“School holidays start on Monday,” President Klaus Iohannis announced glumly.
Initially for two weeks, but no-one dares guess when children might return, because Romania is in the grip of a wave of Covid-19 far more deadly than anything it experienced until now.
To make matters worse, Romania has had no effective government since the start of the month.
The purple and red patches on the map, indicating high levels of the virus, adjusted daily by researchers at the Babes-Bolyai University in Cluj, continue to spread.
Romania’s 2,000 intensive care beds are all full, and patients are now having to wait outside. The first 50 critically ill patients have been transferred to hospitals in Hungary and Poland.
“Sometimes I feel like the whole country has become a resuscitation department,” said Dorel Sandesc, head of intensive care at Timisoara hospital in western Romania.
“It is a national failure on all levels. We are witnessing a kind of national blindness, caused by the lack of education, by the lack of civilisation,” Dr Sandesc, who’s vice-chairman of the Romanian Society of Anaesthesia and Intensive Care, told the Puterea a Cincea website.
Vaccination levels now stand at little more than 29% of the whole population and 34% of the adult population, the second lowest in the EU after Bulgaria.
Politicians are blaming the public for refusing to get vaccinated and believing conspiracy theories about the danger of the vaccines.
The public blames the politicians – for poor leadership, inadequate healthcare, and above all for vanity and corruption.
This weekend, the latest “vaccination marathon” is being held in the capital, Bucharest, with six centres open 24 hours a day, to encourage the reluctant. In the first two hours on Friday more than 1,000 people got the jab.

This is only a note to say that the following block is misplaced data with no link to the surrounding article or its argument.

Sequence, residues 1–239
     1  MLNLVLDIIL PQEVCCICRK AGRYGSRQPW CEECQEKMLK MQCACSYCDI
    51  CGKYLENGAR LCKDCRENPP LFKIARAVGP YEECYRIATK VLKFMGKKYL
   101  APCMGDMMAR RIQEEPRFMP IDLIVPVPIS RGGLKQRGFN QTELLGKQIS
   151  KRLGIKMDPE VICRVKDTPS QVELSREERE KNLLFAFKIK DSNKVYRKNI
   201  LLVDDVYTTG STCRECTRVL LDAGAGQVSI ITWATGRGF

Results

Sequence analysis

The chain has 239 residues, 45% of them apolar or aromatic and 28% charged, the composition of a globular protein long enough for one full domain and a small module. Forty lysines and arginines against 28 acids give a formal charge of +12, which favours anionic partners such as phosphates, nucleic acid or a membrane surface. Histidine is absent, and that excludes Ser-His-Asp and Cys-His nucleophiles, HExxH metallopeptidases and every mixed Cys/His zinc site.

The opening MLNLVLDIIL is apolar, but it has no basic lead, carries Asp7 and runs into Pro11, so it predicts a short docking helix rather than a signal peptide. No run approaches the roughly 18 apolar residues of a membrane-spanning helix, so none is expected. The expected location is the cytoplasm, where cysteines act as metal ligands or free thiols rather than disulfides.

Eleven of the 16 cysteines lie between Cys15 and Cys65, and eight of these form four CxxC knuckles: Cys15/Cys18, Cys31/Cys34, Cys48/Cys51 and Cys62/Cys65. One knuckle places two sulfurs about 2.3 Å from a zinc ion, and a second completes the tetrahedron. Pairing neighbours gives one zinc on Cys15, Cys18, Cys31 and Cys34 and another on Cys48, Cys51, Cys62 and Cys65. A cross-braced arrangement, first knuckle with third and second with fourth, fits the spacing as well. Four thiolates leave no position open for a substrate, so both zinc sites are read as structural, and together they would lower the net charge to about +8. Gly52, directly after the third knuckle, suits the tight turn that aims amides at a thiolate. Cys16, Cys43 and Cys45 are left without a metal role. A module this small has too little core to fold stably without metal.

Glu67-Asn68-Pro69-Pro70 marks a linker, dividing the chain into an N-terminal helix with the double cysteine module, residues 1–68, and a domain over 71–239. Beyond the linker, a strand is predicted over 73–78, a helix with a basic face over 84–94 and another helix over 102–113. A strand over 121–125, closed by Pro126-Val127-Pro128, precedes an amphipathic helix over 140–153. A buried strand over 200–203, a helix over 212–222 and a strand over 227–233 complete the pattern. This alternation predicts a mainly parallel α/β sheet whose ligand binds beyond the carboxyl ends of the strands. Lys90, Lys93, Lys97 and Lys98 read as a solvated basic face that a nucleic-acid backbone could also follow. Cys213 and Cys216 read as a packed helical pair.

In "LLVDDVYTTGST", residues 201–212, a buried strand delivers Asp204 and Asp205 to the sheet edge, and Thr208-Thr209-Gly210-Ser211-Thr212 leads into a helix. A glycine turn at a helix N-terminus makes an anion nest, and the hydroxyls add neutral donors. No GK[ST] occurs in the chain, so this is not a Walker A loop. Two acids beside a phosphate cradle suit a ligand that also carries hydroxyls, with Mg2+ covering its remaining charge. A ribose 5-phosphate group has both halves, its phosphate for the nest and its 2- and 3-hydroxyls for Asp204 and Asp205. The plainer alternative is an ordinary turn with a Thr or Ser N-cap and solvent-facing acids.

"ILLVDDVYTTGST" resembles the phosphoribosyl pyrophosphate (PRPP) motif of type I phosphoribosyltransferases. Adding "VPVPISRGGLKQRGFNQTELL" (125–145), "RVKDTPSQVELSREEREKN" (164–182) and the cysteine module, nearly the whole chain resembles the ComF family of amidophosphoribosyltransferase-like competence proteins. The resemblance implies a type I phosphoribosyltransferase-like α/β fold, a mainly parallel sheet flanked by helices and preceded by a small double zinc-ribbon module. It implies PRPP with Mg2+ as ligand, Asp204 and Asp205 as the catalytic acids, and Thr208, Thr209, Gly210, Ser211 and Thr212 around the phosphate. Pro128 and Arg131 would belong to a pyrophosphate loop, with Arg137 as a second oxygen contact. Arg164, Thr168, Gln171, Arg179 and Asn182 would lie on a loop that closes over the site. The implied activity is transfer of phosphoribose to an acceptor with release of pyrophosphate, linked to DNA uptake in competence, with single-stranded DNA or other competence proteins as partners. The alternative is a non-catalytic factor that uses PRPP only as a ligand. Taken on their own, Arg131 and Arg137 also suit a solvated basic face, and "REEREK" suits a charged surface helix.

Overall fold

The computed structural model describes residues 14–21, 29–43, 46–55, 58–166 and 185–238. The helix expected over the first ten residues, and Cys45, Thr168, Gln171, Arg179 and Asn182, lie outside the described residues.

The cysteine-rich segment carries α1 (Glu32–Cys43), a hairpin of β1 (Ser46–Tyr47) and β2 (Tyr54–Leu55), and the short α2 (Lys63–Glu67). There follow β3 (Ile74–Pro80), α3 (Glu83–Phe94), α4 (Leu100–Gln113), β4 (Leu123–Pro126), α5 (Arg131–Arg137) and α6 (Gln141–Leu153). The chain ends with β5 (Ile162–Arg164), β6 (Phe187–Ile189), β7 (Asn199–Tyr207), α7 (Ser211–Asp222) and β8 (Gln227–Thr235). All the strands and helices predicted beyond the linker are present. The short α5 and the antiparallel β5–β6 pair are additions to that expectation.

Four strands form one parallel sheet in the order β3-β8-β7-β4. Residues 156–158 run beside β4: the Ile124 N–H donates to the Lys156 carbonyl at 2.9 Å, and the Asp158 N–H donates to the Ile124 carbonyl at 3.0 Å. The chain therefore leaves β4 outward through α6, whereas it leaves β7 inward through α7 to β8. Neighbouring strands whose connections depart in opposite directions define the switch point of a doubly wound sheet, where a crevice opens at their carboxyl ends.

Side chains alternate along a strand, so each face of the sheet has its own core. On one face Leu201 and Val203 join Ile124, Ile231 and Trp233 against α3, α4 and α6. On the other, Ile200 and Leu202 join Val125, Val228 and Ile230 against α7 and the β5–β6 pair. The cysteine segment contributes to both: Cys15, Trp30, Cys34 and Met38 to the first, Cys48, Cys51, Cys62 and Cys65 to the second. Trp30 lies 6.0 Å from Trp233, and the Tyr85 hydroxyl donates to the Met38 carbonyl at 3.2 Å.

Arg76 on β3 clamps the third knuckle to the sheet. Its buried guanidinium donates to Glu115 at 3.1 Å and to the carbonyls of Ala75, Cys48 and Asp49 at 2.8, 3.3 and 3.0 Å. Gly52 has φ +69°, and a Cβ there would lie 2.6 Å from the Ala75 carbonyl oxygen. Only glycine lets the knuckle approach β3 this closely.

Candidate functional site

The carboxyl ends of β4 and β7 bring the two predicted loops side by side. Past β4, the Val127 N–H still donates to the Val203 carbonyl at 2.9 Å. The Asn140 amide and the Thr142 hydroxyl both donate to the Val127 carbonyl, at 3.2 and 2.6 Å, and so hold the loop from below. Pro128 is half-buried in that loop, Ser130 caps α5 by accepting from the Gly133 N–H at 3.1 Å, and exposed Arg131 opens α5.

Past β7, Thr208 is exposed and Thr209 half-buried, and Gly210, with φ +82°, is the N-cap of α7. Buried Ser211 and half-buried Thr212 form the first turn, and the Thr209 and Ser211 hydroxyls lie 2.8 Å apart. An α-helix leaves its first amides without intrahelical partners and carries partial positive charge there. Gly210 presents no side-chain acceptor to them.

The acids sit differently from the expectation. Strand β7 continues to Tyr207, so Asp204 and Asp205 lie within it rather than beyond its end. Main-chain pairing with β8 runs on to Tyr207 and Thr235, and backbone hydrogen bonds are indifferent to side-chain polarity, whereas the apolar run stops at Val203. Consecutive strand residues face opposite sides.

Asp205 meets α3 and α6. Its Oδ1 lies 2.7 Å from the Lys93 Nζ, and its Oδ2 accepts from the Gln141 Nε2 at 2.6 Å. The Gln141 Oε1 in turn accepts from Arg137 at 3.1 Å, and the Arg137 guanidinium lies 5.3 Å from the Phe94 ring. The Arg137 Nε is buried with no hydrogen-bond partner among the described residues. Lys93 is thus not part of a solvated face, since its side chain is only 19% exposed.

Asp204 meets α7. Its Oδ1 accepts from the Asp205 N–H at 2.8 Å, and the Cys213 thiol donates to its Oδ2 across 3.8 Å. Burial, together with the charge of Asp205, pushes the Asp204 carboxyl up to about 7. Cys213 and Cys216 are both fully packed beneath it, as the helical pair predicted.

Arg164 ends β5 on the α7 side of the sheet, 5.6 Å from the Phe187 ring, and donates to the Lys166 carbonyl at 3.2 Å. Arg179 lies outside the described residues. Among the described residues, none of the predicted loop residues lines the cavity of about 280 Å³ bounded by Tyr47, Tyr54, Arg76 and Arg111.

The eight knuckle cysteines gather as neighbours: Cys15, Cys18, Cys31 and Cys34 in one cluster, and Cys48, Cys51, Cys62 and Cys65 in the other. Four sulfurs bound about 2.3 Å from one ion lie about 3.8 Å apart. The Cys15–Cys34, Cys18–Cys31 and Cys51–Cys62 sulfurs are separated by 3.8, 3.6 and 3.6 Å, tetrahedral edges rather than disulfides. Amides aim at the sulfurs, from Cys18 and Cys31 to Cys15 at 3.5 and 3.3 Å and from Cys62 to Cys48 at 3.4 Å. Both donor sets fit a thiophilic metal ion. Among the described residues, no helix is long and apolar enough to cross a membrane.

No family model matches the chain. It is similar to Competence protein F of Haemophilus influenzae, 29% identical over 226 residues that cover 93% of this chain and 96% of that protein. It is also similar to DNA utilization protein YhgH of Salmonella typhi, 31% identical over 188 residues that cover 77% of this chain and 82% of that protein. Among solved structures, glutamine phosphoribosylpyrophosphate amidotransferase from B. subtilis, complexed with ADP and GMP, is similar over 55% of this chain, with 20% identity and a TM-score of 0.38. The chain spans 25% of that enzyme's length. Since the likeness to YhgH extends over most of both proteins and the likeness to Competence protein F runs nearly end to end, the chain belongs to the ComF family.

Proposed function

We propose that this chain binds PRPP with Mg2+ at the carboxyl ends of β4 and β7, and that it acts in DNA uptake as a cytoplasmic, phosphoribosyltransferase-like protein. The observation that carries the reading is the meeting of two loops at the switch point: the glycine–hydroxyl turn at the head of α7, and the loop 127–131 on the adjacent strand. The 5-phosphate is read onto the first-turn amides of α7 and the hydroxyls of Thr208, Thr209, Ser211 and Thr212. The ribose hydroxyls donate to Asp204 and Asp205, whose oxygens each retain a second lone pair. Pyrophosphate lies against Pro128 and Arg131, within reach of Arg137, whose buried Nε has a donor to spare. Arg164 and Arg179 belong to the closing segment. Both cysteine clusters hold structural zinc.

Back in June Romania’s decision to relax restrictions was hugely popular and loudly trumpeted by then Prime Minister Florin Citu. Medical commentators felt it was rash and irresponsible.
Romania’s healthcare system, stretched to capacity by years of both neglect and corruption, is coming apart at the seams, despite the everyday heroics of medical staff.
Now, on a seven-day average, 15,000 people a day are testing positive in this population of 19.4 million:
- 574 people died last Tuesday
- On average 389 deaths per day over seven days
- 226 people have died per million in the past 14 days
- EU average is 24 deaths per million
At the vaccination centre in Rosiori de Vede, a small town nearly two hours south-west of Bucharest, they’ve just moved the vaccination centre from the sports stadium to a pensioner’s club with just two rooms.
“We had to scale down because the gym was too big for the low number of people getting vaccinated in our town,” says Liliana Catrinoiu, director of the centre.
“A large part of the population preferred to believe all the alarmist and sensational news related to vaccination.”
During the summer, Romania sold on unwanted vaccines to Ireland, Denmark and Vietnam, because of low domestic interest.
From Monday, masks will be compulsory nationwide, inside and outside buildings, and the unvaccinated will not be allowed out on the streets after 20: 00. How strictly this will be enforced is another matter.
In Piata Unirii in Timisoara, a waiter at an up-market bar overheard one customer telling another that he was not vaccinated, just as he was putting their drinks down on the table.
“Drink up fast,”, he remarked, looking around for any sign of the Gendarmerie. “But then you must leave.”
At a wedding last weekend in the north-eastern city of Botosani, the groom was refused entry to his own wedding party, after testing positive, according to local media.
There was no information about the couple’s whereabouts later that evening.
The Orthodox Church in Romania has been fiercely criticised by medical professionals for pouring doubt on the safety and efficacy of the vaccines, although a Church spokesman last week publicly urged people to get vaccinated.
“In the first wave of the pandemic, Father Bartolomeu died,” Father Atal, a monk wrote to me from the Orthodox monastery at Dervent, on the shore of the River Danube in eastern Romania.
“Then the rest of us either went through Covid with mild symptoms, or got vaccinated.”
There are currently three cases in the monastery, one aged 78, another 35, another 30. All with moderate symptoms, all in isolation in their rooms.
“I go down to the river at least once a week. It flows quietly. The river has seen other pandemics and knows that man wins in the end, with all the sacrifices involved.”
Additional reporting by Mircea Barbu.